Over-Justifying Ourselves

Over-Justifying Ourselves

Written by: Seada


As individuals, we assume ourselves to be free from major imperfections. This belief becomes deeply rooted in our mind, enabling the justification of poor choices. Imagine yourself in a heated disagreement with your significant other, saying, “I would not have said you’re dumb if you did not ask me the same question 5 times!” Perhaps this statement sounds all too familiar. This counterproductive response instills a tiny seed of doubt into our partners.

Harsh responses may lead to less engagement in conversation for fear of being rejected. It may be fair for the other to comment that, “Well, if you heard me the first time, I wouldn’t need to repeat myself.” This statement is a perfect example of the use of justification. But dwelling on rudeness creates irrational beliefs that can end relationships. What we’re stating here is that justifying all of our own actions, without trying to understand the mindset of others, can make you feel superior while stealing the respect and happiness from a relationship.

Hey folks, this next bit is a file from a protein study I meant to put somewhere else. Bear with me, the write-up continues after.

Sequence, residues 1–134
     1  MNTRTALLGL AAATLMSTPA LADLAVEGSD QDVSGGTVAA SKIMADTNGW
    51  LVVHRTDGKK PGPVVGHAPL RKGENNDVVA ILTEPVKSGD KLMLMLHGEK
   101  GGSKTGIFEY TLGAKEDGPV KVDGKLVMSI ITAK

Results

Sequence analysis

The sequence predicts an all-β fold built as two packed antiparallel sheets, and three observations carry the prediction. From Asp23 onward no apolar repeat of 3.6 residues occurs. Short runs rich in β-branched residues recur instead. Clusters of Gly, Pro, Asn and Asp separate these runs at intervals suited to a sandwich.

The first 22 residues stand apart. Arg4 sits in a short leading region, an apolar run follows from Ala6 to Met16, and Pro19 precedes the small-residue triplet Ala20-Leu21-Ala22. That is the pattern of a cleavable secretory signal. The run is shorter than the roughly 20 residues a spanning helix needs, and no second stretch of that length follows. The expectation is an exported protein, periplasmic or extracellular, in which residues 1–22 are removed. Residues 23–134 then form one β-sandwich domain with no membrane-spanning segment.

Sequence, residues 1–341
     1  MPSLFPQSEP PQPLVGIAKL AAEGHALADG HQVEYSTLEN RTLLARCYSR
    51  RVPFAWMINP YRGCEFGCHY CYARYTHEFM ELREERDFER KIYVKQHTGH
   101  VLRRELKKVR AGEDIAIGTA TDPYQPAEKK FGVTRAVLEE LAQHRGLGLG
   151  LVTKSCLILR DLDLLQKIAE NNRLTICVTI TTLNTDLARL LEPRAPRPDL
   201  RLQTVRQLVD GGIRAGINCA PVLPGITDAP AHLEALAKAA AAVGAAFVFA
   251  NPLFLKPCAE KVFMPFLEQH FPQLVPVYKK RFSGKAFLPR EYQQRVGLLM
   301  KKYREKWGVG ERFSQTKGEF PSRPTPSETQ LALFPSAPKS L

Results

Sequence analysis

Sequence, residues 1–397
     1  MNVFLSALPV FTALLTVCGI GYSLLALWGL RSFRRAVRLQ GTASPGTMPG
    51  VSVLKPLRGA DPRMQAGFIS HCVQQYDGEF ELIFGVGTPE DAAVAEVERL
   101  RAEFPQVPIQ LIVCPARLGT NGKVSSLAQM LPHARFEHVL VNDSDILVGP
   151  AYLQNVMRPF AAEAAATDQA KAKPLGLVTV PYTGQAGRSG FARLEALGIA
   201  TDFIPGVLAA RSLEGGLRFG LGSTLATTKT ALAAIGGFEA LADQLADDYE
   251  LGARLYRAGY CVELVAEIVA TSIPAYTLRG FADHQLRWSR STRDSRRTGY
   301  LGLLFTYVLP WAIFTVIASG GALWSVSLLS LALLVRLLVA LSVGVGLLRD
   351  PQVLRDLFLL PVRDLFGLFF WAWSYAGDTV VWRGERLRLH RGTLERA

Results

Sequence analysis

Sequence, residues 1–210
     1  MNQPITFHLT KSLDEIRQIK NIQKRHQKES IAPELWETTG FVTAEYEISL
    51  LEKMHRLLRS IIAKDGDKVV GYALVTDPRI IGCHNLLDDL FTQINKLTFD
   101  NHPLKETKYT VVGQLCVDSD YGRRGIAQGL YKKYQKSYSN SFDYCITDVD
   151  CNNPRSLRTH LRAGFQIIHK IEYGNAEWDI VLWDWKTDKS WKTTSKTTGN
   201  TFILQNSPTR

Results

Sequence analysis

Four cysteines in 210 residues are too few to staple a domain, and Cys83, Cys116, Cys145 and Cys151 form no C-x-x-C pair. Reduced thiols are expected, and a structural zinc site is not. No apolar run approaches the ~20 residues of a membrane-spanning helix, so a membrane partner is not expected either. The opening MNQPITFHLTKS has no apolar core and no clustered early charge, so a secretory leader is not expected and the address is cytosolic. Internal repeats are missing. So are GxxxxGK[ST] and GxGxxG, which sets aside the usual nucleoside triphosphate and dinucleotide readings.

From childhood, our parents exhaustively reiterated the statement, “If you have nothing nice to say, do not say anything at all.” Primitive childhood teachings set the foundation for communication and respect. We do try our best to avoid hurting the people we love. However, this is not always possible.

Within the worst relational conflicts–in the differences between our opinions, expectations, and values–lies the greatest opportunities for growth and intimacy, if a relationship is safe enough for partners to communicate what is truly significant and important in their own positions.

When children get hurt, they run to their primary caregivers for help because the help is accessible and non-judgmental. Providing a safe space to any relationship is key for accepting and tolerating a variety of different viewpoints. As we strengthen the bond of security, understanding eventually emerges.

With love,


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